is beyond our natural power to achieve (which it certainly is) then it follows
that God himself must give us the light, the strength, and the courage to
fulfill the task he requires of us. He will certainly give us the grace we need.
If we do not become saints it is because we do not avail ourselves of his gift.

Thomas Merton, Life and Holiness (New York: Image, 1963). p. 17.

I received that quote in my weekly e-mail reflection from the Merton Institute; I felt it was particularly powerful. In my theology course, we are discussing the four marks of the Church and how all are given through the initiative and gift of God and that the Church does it's best to live those marks visibly and invisibly. Plus my prof has given me a bit of extra reading material and it included Lumen Gentium and its Universal Calll to Holiness. Merton's reflection on holiness seemed to fit right into not only my life but also my studies right now.

Tough "Call" this saintly business, but it is the work I've chosen to do by joining up with the Benedictines and the "School of the Lord's Service." Right now I am focusing on learning to seek and trust God as pursue a ministry position...aka looking for a job...while relying upon God's gift of grace to lead me (and the principals) through this discernment process. No present like the reality of searching for work to bring me back to reliance on God.


Friday, April 9, 2010

New Possibilities in Ministry


I am excited to share that I will be interviewing with two Catholic High Schools serving in the Omaha Archdiocese! Both schools have invited me to tour their school and interview with department leaders. They are searching for the teacher who would best fit the needs of their students and mission/charism. I am seeking for a school where I can minister with others as we teach with the children of God (Sr. Fran's line that I stole long ago). As I continue through the application and assessment process, I keep praying for God's direction and guidance not only for myself, but also for the school leaders who are discerning.


"Hope is patience with the lamp lit." ~ Tertullian

Thursday, April 8, 2010



An English teacher's modern Hamlet as done by the Royal Shakespeare Company and taped by BBC. No, it gets better! Hamlet is performed by David Tennant and Claudius is played by Patrick Stewart!

For more about the upcoming event on Great Perfomances and a video clip go to the GP Website!


God's Sense of Humor


Wisconsin weather reveals God's sense of humor. Last week we were graced with gorgeous upper 60 to 70 degree temperatures with sunshine and blue sky. Students were in shorts and T-shirts; playing frisbee or tossing a baseball. Then these last few days we have had monsoon-like rain and wind! I walked about campus as quickly as possible yesterday to no avail; I was drenched to the skin and had to change clothes when I arrived home from class. Last night the weather reporter was almost laughing as he predicted1-3 inches of SNOW for the late night through early morning in the city.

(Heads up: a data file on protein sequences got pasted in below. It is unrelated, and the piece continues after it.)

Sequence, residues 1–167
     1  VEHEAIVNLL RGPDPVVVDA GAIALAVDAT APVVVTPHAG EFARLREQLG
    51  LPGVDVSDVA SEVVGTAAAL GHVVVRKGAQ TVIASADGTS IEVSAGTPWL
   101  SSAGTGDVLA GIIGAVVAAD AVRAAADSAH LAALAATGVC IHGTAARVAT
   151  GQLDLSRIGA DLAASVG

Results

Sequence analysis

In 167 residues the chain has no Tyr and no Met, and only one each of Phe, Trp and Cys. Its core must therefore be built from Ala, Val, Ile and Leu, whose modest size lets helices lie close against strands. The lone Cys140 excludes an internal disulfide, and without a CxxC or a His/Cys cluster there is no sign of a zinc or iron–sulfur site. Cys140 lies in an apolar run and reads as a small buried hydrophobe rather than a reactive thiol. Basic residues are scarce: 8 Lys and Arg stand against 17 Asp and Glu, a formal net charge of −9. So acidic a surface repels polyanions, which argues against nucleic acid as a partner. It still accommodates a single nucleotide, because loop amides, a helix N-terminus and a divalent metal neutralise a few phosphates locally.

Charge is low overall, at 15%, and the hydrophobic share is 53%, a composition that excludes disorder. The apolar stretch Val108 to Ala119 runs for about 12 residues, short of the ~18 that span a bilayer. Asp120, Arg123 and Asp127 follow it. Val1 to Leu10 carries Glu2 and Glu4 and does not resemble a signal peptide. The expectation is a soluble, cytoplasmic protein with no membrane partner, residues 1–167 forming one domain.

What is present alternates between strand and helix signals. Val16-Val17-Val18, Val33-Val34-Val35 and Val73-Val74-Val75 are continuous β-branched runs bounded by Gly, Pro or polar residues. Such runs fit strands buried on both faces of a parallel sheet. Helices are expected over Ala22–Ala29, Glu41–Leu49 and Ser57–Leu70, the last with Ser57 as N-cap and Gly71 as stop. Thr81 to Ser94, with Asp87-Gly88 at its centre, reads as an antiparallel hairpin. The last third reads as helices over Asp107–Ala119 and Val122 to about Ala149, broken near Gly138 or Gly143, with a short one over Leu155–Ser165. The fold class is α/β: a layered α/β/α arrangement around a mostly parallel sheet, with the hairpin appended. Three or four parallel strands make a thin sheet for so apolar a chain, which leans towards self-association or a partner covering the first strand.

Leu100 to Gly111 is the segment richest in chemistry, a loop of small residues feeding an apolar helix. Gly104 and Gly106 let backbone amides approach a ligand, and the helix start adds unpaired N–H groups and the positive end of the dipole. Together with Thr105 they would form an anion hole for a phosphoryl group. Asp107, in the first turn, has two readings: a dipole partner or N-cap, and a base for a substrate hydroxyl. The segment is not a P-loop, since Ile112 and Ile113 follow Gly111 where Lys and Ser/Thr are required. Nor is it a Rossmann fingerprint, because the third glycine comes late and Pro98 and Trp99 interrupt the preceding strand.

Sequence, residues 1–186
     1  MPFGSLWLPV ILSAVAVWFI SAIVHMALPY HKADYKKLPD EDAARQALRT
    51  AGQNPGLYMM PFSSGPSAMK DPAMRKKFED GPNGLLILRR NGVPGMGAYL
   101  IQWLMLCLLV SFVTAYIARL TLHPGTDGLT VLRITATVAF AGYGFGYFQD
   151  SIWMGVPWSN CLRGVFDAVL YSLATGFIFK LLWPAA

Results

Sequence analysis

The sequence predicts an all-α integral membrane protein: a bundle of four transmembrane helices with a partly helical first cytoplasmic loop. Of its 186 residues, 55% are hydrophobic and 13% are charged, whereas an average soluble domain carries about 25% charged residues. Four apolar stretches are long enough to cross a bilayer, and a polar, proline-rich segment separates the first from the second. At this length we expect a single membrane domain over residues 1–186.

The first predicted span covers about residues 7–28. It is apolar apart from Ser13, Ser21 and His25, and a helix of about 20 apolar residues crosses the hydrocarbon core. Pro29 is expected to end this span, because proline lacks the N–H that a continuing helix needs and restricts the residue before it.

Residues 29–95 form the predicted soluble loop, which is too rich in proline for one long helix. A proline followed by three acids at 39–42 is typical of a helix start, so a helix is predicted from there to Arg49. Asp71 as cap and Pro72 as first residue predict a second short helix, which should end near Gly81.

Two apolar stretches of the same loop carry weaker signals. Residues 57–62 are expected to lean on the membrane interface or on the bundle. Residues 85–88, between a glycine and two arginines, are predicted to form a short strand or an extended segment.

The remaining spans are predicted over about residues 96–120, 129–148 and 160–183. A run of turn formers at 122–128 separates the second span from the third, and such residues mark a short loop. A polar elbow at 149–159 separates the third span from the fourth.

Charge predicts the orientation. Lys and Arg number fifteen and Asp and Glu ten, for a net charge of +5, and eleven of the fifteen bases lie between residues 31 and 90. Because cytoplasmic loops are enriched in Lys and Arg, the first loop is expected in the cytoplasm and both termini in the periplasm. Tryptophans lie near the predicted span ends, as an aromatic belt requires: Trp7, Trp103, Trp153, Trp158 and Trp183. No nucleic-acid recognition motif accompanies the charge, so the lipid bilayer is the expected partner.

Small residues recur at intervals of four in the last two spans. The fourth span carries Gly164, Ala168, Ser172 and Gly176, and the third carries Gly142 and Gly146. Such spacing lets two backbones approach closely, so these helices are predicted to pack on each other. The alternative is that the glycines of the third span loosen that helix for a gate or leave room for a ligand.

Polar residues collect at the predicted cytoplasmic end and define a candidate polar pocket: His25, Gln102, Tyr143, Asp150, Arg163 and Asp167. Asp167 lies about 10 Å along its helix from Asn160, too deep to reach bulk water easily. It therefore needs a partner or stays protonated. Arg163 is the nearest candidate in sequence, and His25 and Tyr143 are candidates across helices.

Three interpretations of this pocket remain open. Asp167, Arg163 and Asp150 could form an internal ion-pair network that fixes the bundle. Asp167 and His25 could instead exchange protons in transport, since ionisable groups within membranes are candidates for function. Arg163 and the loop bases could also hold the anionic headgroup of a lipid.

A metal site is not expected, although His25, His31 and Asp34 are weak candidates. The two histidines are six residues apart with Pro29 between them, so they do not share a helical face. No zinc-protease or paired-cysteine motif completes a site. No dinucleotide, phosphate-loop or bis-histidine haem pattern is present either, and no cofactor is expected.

This wild weather shows me that God has a good sense of humor...He's keeping us on our toes : )


Sunday, April 4, 2010

Celebrating Baptism


Last night's Easter Vigil was long but wonderful. We celebrated 7 Baptisms in the parish! There were two adult men, a 4th grade boy, and a mom with her three children (one 3rd grade boy, one 2nd grade girl, and a little kindergarten girl). I had never shared in the celebration of an adult Baptism, but to celebrate 7 was amazing. They processed into the church dressed with one of the simple cream colored robes of the altar servers.

The parish had just installed a new Baptismal font. The square basin is raised up about 4 feet or so and runs over the edge into a pool that is approximately 3 feet wide by 5 feet long and 1 1/2 foot deep (or so). Father stood in the pool as he blessed the water and then called each of the Catechumen up the two steps and down into the pool. Then Catechumen knelt in the water while Father poured water over their head in Baptism. As they stepped out of the water, the parish sang a Baptismal song of blessing over them. The two little girls were also anointed with the oils of Baptism while in the pool.

All the congregation was invited to process to the font and bless themselves...this gave the newly Baptised enough time to change into their "Easter Best". They processed back into the Church with brilliant white, knee length, light cowls over their dresses and suits. Except the little girls had changed into new white sundresses (too cute). Now they were all called up to the sanctuary along with the three elect joining the Church in Confirmation and Eucharist to receive a lighted candle and be anointed with the oils of confirmation. There was much singing during all of this and a few tears (I'm a softy) among the celebrants. It was a wonderful way to begin the Easter season.

It was a beautiful night of celebration.

Saturday, April 3, 2010

Holy Saturday


The Monastery is a flurry of quiet activity, I'm not home; however, some things stay ever the same. Balanced between Liturgy of the Hours and individual reflection, the sisters are preparing for the Easter Vigil and its celebrations.

The "upper" Chapel needs one last dusting and cleaning before tonight. Banners are hung from the sandstone columns, Easter lilies and baby mums are arranged about the altar, and the Easter candle (designed by Sr. Mary Kay) is checked for a final fit in both the baptismal font and wood-carved stand. The Lenten reminders are removed from all the tables in the refectory, and the tables are prepared (with Sr. Anna's arrangements) for Easter celebration with bright table runners, flowers, and candles. In fact, reminders of Easter glory spring up all over the Monastery as my sisters near the Vigil tonight night.

Why wait? My family and non-Benedictine friends have been asking why we would wait to the last minute to do all this work. The answer is very simple, Benedict asks we live Lent well, to learn from it all we can, and Lent doesn't end until tonight. So, we wait to change our liturgical season until the great celebration nears. Also, I love the preparation...the quiet, reflective arranging of flowers, banners, and candles. Even in our work, we carry the prayerful nature of the day.

Why the reminiscing? Well, I'm not in a situation to help with preparing a celebration while here at fact...I'm reading Theology homework about the history of the papacy and researching a bit for an essay in my education course. So, I thought that taking a moment to remember and reflect on home would be a good way to remember the importance of the day.